Thus count me in among City supporters hoping Thaksin goes away soon, for the good of the club. Indeed, the guess here is that the vast majority of City fans would welcome a new owner willing to take the challenge on, and that many of those still in the pro-Thaksin camp are there largely because they believe there are no viable alternatives. Be that as it may, probably many if not most City supporters would be glad at the moment to have a new owner with no baggage and some hint of resources and ambition, even if he (she or they) lacked the extravagant promises and extravagant (frozen) bank accounts Thaksin offered in 2007.
But there is another deeper and more fundamental reason for judging it’s time for Thaksin to go that has less to do with Manchester City in particular and more to do with the integrity of football itself and the Premier League. The concern, in a nutshsell, is that it sets a bad example to the world and to England to allow a soon-to-be-convicted crook who has fled his nation to escape legal sanction to run a nationally prominent institution such as Manchester City. Precisely this theme has been sounded in recent days by the veteran Telegraph writer Henry Winter as well as by a staff editorial of The Guardian.
A similar argument was raised in this blog a year ago when I suggested that the Premier League as well as the UK government should consider whether it really wants a person associated with serious human rights abuses running a major business and taking a leading role in football. The Premier League at that time decided that prohibiting Thaksin from buying into the league on the basis of charges unaccompanied by any formal convictions would be unfair, and refused to broaden its definition of the Fit and Proper Person test in any way. A more cynical interpretation is that the League (as per usual) prioritized the possibility of bringing in new investment to the league over ethical considerations.
In any case, the Premier League in August 2007 decided that Thaksin was a fit-and-proper person, implicitly rejecting all morality-based arguments to the contrary. Consequently, the question has been dropped from consideration by this blog since then.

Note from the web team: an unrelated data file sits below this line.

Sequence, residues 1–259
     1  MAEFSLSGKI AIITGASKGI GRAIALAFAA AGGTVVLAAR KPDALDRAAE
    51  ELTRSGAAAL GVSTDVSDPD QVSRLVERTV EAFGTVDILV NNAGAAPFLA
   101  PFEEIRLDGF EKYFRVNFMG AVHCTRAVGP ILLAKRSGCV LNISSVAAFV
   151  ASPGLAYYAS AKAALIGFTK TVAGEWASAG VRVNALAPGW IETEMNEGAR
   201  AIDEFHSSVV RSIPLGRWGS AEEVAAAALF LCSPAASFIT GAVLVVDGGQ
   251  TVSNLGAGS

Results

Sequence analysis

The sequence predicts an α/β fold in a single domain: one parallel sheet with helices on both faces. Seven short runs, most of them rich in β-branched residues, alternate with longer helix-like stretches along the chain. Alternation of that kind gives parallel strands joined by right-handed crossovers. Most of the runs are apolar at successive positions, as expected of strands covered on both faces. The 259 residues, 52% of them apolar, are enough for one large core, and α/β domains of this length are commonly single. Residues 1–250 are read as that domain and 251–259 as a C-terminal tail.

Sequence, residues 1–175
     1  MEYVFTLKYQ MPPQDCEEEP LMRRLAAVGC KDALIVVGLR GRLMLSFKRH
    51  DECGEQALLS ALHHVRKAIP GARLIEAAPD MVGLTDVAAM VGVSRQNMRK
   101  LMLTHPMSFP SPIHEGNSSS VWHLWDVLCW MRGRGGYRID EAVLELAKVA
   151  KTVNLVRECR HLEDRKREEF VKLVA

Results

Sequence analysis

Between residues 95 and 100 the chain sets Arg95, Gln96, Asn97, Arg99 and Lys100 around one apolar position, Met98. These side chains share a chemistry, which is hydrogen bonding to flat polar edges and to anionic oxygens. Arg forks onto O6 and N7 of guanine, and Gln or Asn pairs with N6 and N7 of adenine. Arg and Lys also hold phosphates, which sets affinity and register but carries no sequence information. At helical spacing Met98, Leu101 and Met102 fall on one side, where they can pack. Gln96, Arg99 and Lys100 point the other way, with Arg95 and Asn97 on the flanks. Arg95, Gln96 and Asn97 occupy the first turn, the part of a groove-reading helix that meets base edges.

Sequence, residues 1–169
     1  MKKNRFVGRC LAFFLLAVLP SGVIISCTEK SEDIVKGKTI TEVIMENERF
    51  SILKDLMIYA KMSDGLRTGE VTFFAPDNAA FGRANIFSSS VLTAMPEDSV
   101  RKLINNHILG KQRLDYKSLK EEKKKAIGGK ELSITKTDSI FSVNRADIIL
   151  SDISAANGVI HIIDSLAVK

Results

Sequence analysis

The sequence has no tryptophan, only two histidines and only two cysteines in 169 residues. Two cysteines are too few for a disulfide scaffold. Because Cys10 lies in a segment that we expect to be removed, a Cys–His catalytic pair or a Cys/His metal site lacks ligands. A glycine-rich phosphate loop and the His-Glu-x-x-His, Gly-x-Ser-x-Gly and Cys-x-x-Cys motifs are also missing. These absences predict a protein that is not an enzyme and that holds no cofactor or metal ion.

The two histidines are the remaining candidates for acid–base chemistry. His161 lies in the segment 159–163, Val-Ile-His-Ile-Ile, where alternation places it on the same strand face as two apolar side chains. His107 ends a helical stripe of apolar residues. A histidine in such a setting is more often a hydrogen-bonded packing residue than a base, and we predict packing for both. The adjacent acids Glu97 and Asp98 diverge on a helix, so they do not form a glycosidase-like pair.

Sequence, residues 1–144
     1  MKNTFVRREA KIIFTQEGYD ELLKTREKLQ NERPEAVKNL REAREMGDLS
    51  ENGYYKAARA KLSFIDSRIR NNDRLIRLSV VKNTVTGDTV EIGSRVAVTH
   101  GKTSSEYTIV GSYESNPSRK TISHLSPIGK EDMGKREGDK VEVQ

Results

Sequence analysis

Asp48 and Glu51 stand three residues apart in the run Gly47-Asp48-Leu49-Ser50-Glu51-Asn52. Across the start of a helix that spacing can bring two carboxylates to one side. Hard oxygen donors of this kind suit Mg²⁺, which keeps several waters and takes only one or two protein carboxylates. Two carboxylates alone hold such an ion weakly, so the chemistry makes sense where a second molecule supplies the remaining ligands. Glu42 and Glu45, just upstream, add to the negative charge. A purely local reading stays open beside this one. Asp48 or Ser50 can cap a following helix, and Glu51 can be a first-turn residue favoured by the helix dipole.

But now the issue is about to be raised again, in fuller force. This time Thaksin will have not just “allegations” but firm convictions of criminal offences attached to his name. And this time, the Premier League must not fail to act.
At issue is not simply the narrow question of whether Thaksin violated the Fit and Proper Person Test as currently written; Thaksin’s lawyers surely would argue to the bitter end that whatever he is convicted of in Thailand does not correspond exactly to the offences listed in the test.
The broader issue is whether the Premier League should tolerate someone who has escaped justice in their own country (and indeed helped an already convicted and sentenced person to escape as well) , a country with a democratically elected government and a ruling party sympathetic to Thaksin in power.
Sport at its must fundamental level is about fairness in competition, and also about integrity. That is why it will strike many people as wrong that a convicted criminal who has not yet served their obligation to society should be allowed a prominent role in England’s leading sport. To permit such a person to own a club is to express tacit approval for the person’s past actions, and to send a message that it’s okay to break the law as long as you are clever enough to get away with it. It would also reinforce the cynical view that the modern Premier League is so enamoured with money that it can recognize no other moral obligation or concern.
Ultimately it’s up to the Premier League and its members to decide whether they want to allow criminals to own clubs or not. If they decide they do not, they must act against Thaksin (and also should take steps to revise the fit-and-proper-person test to prevent a similar scenario from arising in the future). Conversely, if they decide it’s okay to have someone who shown disregard for the law to operate a club, they must accept responsibility for degrading football itself.